Rockingham's dilemma is not whether fans will come, but how many seats to build for the first year! Their job will be in years two and three, to keep the crowd coming back - and that is up to both CART and the promoters to give them a good show in year one.
Location is important, not just for their proximity to the 150,000 strong motor sport industry there in central England, but for the general sports fan. Unlike the average track in Europe that is accessible only by narrow country roads, Rockingham is the first U.S. style facility -- purpose built, that can be accessed by freeways and modern access roads, with plenty of parking. Even a train stop is planned for the track.
Horse racing's spectator facilities have traditionally been more permanent, cleaner, better designed and more female friendly in England than any motor sport facility - and that is their target.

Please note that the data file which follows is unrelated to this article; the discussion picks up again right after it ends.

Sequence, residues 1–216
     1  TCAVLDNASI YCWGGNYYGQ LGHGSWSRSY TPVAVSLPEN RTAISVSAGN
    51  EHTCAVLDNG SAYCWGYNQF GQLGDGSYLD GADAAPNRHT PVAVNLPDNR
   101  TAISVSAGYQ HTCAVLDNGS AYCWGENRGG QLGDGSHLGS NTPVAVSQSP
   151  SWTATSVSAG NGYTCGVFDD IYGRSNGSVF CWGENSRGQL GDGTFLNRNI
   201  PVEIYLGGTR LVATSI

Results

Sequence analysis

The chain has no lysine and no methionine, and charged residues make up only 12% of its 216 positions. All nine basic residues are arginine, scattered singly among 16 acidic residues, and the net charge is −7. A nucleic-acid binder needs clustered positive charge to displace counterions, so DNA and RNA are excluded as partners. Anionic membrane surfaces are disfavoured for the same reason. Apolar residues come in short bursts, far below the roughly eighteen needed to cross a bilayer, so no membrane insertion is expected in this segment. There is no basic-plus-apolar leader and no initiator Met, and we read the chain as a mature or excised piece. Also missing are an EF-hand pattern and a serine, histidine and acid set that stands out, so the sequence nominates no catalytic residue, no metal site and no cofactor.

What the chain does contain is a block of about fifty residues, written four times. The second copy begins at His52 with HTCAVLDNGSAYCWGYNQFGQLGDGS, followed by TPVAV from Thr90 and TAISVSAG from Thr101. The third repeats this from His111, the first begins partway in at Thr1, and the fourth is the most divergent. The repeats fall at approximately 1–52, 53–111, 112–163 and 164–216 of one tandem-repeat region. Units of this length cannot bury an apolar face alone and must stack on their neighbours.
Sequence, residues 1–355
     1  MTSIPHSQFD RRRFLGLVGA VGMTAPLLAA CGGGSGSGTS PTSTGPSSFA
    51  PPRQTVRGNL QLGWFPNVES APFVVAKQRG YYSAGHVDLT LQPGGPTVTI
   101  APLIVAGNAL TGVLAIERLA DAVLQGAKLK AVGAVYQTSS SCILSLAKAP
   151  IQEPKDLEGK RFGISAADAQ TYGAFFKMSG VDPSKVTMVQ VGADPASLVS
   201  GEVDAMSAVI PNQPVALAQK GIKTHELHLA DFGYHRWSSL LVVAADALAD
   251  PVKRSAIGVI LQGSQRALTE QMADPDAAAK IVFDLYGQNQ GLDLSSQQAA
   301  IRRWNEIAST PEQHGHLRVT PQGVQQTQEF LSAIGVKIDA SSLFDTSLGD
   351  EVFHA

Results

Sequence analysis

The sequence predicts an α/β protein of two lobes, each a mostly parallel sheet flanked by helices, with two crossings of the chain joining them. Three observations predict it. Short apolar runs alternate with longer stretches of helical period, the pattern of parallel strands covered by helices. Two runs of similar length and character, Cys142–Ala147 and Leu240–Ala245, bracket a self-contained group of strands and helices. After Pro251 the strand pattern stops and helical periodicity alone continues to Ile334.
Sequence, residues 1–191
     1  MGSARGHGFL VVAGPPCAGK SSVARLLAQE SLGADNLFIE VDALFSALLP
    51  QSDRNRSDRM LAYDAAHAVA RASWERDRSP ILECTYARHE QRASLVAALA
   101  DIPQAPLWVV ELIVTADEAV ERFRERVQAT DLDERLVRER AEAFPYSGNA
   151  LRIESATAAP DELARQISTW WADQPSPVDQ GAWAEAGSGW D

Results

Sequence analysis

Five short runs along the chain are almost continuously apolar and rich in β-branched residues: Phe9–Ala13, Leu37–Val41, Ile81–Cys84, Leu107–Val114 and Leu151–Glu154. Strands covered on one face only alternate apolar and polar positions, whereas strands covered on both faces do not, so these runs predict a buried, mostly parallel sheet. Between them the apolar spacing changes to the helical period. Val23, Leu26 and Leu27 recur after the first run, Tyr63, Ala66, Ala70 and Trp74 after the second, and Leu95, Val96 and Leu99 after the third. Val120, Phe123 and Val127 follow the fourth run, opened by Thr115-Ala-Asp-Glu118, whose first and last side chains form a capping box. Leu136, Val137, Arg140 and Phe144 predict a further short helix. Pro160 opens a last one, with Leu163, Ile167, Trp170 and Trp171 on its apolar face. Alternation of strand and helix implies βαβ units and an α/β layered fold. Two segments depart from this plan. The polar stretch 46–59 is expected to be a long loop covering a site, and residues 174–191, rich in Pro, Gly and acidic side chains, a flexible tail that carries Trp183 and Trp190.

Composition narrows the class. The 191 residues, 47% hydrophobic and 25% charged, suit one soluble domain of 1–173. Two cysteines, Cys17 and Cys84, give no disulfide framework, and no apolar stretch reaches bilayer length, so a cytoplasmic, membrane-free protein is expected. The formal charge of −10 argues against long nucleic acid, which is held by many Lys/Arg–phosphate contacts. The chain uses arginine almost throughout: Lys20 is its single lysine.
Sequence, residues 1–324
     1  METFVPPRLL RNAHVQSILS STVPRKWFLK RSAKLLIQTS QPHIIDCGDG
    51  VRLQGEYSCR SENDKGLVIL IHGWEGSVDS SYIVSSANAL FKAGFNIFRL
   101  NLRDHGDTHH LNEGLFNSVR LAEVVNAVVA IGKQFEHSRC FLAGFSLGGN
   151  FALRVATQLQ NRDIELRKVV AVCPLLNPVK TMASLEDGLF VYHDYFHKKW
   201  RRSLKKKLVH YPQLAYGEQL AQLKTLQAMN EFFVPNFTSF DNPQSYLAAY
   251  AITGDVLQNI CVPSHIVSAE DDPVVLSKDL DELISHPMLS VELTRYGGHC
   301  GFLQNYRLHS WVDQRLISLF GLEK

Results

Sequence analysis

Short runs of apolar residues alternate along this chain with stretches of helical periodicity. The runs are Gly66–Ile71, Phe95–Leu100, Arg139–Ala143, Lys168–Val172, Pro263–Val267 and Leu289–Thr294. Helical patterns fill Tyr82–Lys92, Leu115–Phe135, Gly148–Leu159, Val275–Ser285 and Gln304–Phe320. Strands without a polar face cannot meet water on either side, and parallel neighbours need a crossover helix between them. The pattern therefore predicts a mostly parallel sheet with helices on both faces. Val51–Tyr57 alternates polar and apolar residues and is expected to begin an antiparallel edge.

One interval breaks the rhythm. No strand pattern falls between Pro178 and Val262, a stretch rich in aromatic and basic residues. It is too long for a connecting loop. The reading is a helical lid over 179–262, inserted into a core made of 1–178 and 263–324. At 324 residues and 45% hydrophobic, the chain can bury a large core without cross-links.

Is interest strong? You bet it is. Already, daily, one hundred new people sign up for race tickets and opportunities to drive Rockingham as part of a racing club. Corporately, there is great involvement in Rockingham. With Rockingham's marketing partners and agents worldwide, they are putting together attractive packages on every aspect of their commercial development. You can expect some announcements soon. The Jim Russell Racing Drivers School will hold classes at Rockingham and the Rockingham Supporters' Club already has some 3,800 registrations before the circuit is complete.
After six years or more of design, planning and fund-raising from both private and institutional investors, the main construction works commenced on May 25th, 1999. Despite wet winter weather, the work carried out by Morrison's PLC is running on schedule and the facilities will be completed towards the end of this year. 2001 will see the first full year of racing action at Rockingham including a full national calendar of car and motorcycle racing, arranged by the British Automobile Racing Club.
Rockingham is being constructed to rigorous design and environmental standards. The first work to be carried out after securing and clearing the site, a former ironstone quarry and steelworks site, was the movement of over 350,000 cubic